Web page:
THE Dean of Peterborough, the Very Revd Charles Taylor, has bowed out of office with a stinging attack on envious people at the centre of the Church of England who resent “uppity” cathedrals and who wish to impose a “monochrome blandness” on the Church.

In late July, it was revealed that a cashflow crisis at Peterborough Cathedral meant that staff were in danger of not being paid. A loan was secured from the Church Commissioners. At the same time, it was announced that Dean Taylor was planning to retire.

In his farewell sermon on Saturday, Dean Taylor, who is 63, dropped a strong hint that the decision to leave had been forced upon him. Despite hundreds of letters of support, he said, he had not made any public remark about “the circumstances surrounding my ”˜retirement’ ”” although some have alleged that the manner in which it was effected was legally dubious, morally reprehensible, and pastorally disgraceful. Well, they might care to think that. I could not possibly comment.”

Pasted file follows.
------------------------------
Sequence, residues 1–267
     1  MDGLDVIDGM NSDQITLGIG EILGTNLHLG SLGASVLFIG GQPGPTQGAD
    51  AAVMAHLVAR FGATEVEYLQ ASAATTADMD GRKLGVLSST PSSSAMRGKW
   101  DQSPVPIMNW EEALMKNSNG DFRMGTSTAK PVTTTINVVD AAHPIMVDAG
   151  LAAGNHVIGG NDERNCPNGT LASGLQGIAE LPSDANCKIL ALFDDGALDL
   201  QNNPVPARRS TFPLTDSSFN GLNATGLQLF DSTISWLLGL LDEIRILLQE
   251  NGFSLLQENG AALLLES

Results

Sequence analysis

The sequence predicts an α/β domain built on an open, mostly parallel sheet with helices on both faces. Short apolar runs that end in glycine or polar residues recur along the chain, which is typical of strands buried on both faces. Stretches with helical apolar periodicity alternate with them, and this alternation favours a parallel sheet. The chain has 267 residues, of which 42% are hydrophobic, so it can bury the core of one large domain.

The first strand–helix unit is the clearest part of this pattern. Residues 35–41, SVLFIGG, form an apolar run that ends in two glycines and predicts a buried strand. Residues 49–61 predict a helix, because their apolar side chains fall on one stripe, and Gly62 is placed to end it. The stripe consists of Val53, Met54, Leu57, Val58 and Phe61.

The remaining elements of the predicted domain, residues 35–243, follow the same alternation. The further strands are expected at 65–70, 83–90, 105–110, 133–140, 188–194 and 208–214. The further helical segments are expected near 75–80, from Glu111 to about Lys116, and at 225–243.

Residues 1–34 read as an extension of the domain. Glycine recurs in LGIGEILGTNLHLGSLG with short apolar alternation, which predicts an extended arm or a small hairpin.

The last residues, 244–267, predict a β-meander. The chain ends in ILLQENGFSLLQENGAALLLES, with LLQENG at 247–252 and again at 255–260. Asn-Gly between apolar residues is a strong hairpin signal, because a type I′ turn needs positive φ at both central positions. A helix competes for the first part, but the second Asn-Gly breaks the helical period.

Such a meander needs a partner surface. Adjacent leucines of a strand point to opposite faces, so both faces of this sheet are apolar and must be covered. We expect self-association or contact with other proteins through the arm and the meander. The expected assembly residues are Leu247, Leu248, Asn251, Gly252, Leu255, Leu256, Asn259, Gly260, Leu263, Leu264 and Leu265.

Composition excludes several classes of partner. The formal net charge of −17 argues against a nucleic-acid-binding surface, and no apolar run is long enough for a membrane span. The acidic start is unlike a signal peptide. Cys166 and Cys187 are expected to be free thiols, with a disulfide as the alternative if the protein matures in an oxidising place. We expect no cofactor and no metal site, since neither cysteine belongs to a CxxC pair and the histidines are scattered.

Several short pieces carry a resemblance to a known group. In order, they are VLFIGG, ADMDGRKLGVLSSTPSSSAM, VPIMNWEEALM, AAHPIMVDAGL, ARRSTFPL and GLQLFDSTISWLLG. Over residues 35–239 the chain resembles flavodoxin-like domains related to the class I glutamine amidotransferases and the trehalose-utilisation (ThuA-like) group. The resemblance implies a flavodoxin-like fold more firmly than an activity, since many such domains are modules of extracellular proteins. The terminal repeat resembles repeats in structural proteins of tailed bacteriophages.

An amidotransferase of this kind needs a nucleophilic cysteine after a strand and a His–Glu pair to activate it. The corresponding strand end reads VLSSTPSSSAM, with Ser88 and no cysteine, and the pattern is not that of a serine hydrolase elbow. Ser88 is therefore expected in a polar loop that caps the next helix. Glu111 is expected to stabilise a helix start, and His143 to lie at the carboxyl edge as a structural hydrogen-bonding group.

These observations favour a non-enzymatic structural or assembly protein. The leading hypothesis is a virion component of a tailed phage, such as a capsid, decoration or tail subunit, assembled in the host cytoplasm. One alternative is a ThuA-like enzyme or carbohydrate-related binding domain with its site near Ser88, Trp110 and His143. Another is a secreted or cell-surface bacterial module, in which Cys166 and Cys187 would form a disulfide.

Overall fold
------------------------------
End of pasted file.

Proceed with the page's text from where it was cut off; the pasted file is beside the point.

Read it all.

Posted in * Anglican - Episcopal, * Christian Life / Church Life, * Culture-Watch, * International News & Commentary, Anglican Provinces, Church of England (CoE), England / UK, Parish Ministry, Religion & Culture, Theology

Eleanor Parker on the Feast of Saint Wilfrid–Two Canterbury Visions

The first vision was experienced by a monk named Godwine, “a man of great simplicity and innocence”, who was a former sacristan of the monastery. While asleep on the eve of Wilfrid’s feast, he was woken by sounds in the choir: he heard the singing of the familiar chants appointed for the beginning of the vigil – Domine, labia mea aperies; Deus, in adiutorium meum intende – and the Psalm, Domine, quid multiplicati sunt. Then he heard voices singing Unum Deum in Trinitate fideliter adoremus, cuius fide Deo uiuit sanctus presul Wilfridus – “Let us faithfully worship one God in the Trinity, through faith in whom holy Bishop Wilfrid lives in God”. When he heard this, Godwine thought he must have overslept, so he jumped up and hurried to the choir, chastising himself for his laziness. He reached the entrance to the choir and hesitated, realising that he didn’t recognise the voices which were singing as those of his brother monks.